To view this page ensure that Adobe Flash Player version 11.1.0 or greater is installed.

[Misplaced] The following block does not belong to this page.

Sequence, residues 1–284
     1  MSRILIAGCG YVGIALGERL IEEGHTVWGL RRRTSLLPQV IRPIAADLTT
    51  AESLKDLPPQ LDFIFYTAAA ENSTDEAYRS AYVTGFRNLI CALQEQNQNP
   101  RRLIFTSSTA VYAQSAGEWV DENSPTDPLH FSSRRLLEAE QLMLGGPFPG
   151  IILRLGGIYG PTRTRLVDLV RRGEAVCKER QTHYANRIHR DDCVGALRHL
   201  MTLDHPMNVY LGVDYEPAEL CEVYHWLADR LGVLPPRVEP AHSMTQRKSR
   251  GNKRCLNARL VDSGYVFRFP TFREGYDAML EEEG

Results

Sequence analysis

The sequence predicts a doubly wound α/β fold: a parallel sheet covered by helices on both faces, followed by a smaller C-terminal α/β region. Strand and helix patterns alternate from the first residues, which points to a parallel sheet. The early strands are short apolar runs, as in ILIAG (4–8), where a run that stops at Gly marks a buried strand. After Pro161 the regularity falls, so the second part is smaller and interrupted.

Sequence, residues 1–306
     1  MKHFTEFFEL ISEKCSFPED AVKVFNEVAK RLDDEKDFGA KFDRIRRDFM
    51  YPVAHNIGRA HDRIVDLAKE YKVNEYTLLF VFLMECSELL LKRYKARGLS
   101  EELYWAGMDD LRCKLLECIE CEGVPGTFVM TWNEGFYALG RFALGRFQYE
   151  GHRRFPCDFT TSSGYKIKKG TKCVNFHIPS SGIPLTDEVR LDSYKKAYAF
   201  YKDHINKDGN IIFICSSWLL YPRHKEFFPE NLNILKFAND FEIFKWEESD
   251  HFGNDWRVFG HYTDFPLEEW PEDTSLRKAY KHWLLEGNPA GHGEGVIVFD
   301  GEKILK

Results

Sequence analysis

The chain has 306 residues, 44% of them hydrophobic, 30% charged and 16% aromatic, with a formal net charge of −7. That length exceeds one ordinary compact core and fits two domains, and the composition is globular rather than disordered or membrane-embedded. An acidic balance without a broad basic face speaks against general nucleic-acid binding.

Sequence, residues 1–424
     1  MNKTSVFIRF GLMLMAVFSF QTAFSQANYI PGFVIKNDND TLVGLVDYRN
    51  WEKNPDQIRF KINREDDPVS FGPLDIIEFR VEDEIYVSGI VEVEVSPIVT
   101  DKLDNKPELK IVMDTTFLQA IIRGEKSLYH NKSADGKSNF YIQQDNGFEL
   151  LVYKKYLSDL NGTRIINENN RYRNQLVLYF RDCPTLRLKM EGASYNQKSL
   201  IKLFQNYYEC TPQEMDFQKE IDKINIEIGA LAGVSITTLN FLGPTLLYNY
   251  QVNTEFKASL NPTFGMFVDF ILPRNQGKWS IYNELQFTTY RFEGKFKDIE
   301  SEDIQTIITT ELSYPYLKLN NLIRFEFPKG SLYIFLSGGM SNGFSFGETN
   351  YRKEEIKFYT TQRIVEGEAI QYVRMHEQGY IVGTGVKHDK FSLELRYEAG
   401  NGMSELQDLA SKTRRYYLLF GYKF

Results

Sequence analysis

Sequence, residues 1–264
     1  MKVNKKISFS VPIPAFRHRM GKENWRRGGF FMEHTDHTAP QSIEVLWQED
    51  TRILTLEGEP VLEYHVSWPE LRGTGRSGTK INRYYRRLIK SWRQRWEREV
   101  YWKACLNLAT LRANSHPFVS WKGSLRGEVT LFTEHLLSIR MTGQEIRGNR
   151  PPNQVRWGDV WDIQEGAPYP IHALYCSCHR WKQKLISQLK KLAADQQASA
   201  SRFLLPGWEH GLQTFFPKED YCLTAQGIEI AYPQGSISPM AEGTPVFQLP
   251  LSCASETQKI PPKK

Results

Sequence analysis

Diabetes Editorial Cardiovascular Outcomes with Empagliflozin – News for Type 2 Diabetes Therapy Baptist Gallwitz Dept Medicine IV, Eberhard Karls University, Tübingen, Germany Abstract Cardiovascular safety has to be proven for antidiabetic therapy for type 2 diabetes according to the guidance from regulatory bodies. Recently, the results of the respective study for the sodium-glucose transporter-2 (SGLT-2) inhibitor empagliflozin were published. Unlike similar studies for other antidiabetic agents that proved cardiovascular safety by non-inferiority compared with standard treatment with regard to a combined cardiovascular primary endpoint, empagliflozin showed superiority with a significantly lower incidence of cardiovascular events. Keywords Type 2 diabetes, SGLT-2 inhibitors, empagliflozin, cardiovascular outcomes Disclosure: Baptist Gallwitz has attended Advisory Boards for AstraZeneca, Bristol-Myers Squibb, Boehringer Ingelheim, Lilly, Janssen, Novartis, Novo Nordisk and MSD, has received research support from AstraZeneca, Boehringer Ingelheim, Lilly, Novartis and Novo Nordisk, has attended Speaker’s Bureaux for AstraZeneca, Bristol-Myers Squibb, Boehringer Ingelheim, Lilly, MSD, Novartis, Novo Nordisk and Sanofi. No funding was received for the publication of this article. This article is a short opinion piece and has not been submitted to external peer reviewers. Open Access: This article is published under the Creative Commons Attribution Noncommercial License, which permits any non-commercial use, distribution, adaptation and reproduction provided the original author(s) and source are given appropriate credit. Received: 8 January 2016 Published Online: 10 March 2016 Citation: European Endocrinology, 2016;12(1):31–2 Correspondence: Baptist Gallwitz, Dept Medicine IV, Eberhard Karls University, Otfried-Müller-Str. 10, 72076 Tübingen, Germany. E: Type 2 diabetes is a progressive chronic disease leading to vascular complications over the years when treated insufficiently. 1,2 Treatment consists of a lifestyle intervention aimed at improving physical activity and healthy nutrition, later followed by oral antidiabetic drugs and injectable medications (glucagon-like peptide [GLP]-1 receptor agonists or insulin). 3,4 Novel antidiabetic agents have had to prove cardiovascular safety since 2008, when guidance for mandatory specific cardiovascular safety studies was implemented by the United States Food and Drug Administration (FDA). Sodium-glucose transporter-2 (SGLT-2) inhibitors are a novel class of antidiabetic agents that were introduced in 2012. SGLTs are cell membrane proteins that facilitate active glucose transport through the cell membrane. SGLT-2, a kidney specific isoform, is expressed in the renal tubule and is responsible for the physiological reabsorption of glucose from the proximal tubule after glomerular filtration. SGLT-2 inhibition therefore leads to removal of excess glucose via the urine in type 2 diabetes and improves glycaemia without an increased hypoglycaemia risk. SGLT-2 inhibitors have additional actions that may be favourable in type 2 diabetes: due to the glucosuria, a caloric loss occurs and in clinical studies a moderate loss of body weight between 2–3 kg is observed with SGLT-2 inhibitor treatment. Furthermore, blood pressure is reduced by approximately 2–5 mmHg together with slight volume and sodium depletion. 5 A cardiovascular safety study according to the FDA guidance with the SGLT-2 inhibitor empagliflozin has now been published that not only proved cardiovascular safety but also reported a reduced risk of total mortality and a decreased risk of cardiovascular death in patients with type 2 diabetes at specifically high risk of cardiovascular TOU CH MED ICA L MEDIA events. 6 Almost 50% of the patients enrolled in this study, BI 10773 (Empagliflozin) Cardiovascular Outcome Event Trial in Type 2 Diabetes Mellitus Patients (EMPA-REG OUTCOME) trial, had a previous history of myocardial infarction, in almost 75% coronary artery disease had been diagnosed and up to 25% had suffered from a stroke or had signs of peripheral vascular disease. The diabetes duration in the study cohort was also long, with a majority of patients being diabetic for more than 10 years. Likewise, signs of renal complications were also prevalent (microalbuminuria in approximately 30%; macroalbuminuria in 10% of patients). The majority of patients were on a combination therapy for their type 2 diabetes with antihyperglycaemic medications. Concomitant medications for hypertension and dyslipidaemia were widely used with >90% of patients receiving antihypertensive agents and 80% receiving statins or other lipid-lowering drugs. Empagliflozin was added to standard treatment at two doses of either 10 or 25 mg once daily in the intervention group. In the comparator arm, standard care was intensified to reach comparable glycaemic outcomes in all study arms. Both empagliflozin doses resulted in a significant reduction of total mortality and the three-point major adverse cardiac events (MACE) rate, mainly driven by a reduction of cardiovascular death. The number needed to treat (NNT) was 39 over a time period of 3 years. Empagliflozin was well tolerated with an increased rate of genital infection as an adverse event (6.4% versus 1.8%) but no increase in other adverse events. 6 The reported risk reduction was most likely multifactorial and not related only to glycaemic effects, since the difference in event rates occurred early during the study and glycaemic control was comparable in all study groups. SGLT-2 inhibitors may elicit vascular effects and may change 31